We provide a dynamic model to study how the presence of the option to "buy" the incumbent local exchange carrier's (ILEC) facilities via local loop unbundling affects the competitive local exchange carriers' (CLECs) incentives to "build" alternative infrastructures. We show that an unregulated incumbent sets a rental path for its local loop which delays technology adoption compared to the case in which there is no unbundling. We also characterize the equilibrium rental path set by the unregulated incumbent; it is prohibitively high at the initial phases when there is no effective threat of entry with alternative technologies, and it is decreasing over time in later phases. The decrease in the rental price follows the rise of the entrant's opportunity cost of leasing lines. We also argue that neither allowing higher prices for unbundled elements over time nor setting a sunset clause would suffice to induce facility-based competition. By studying the unregulated ILECs decision regarding unbundling, we challenge the implicit assumption behind the sunset clauses, which is that the ILEC would either deny unbundling or charge too high a price for its network elements in the absence of regulation. We claim that the ILECs that initially resist unbundling requirements would tend to charge attractive access prices (relative to the entrants' alternatives) for their infrastructure, which become less essential over time.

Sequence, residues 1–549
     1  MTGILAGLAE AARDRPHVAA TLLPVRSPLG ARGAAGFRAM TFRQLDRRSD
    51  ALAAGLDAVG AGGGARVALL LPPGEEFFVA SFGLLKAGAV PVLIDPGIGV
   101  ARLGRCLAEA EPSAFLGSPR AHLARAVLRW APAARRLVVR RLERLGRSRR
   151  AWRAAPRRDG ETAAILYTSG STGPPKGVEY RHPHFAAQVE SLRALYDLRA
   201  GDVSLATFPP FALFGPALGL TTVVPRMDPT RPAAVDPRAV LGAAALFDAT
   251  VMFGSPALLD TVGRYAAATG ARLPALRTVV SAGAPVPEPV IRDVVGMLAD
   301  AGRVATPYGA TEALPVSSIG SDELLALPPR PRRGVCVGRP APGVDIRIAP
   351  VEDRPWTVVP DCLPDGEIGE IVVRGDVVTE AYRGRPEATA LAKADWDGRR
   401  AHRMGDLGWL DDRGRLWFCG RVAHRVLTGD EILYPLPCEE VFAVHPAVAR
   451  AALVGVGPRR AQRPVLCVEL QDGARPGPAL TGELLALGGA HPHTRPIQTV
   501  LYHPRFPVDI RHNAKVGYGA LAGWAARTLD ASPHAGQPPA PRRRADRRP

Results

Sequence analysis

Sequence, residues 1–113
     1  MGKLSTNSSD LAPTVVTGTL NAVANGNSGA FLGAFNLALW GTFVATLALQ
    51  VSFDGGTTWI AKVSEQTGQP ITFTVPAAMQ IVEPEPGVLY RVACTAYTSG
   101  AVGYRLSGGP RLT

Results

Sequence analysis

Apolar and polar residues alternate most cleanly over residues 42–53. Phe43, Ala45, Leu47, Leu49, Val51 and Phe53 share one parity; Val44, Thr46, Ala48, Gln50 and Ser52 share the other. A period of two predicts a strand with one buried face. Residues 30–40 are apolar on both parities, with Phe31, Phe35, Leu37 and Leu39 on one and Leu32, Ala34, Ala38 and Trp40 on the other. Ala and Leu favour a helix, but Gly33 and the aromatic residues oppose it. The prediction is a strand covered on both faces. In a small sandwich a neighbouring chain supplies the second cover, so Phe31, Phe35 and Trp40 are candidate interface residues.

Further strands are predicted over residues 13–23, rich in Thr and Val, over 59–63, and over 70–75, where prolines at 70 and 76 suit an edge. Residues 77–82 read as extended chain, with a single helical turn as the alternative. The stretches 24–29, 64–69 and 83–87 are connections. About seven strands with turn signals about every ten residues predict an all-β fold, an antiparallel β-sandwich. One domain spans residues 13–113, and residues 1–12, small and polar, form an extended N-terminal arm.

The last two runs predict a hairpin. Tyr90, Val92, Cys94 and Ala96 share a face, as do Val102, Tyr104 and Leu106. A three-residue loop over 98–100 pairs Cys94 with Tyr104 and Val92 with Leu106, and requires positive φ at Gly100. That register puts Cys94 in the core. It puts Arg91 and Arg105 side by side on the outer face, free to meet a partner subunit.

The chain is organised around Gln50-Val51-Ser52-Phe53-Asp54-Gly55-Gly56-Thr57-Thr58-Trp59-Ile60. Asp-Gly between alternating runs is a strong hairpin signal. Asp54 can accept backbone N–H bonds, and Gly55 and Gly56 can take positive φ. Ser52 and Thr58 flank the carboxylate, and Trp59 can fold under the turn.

Dogan, Pinar, and Marc Bourreau. ""Build or Buy' Strategies in the Local Loop." KSG Faculty Research Working Paper Series RWP05-060, October 2005.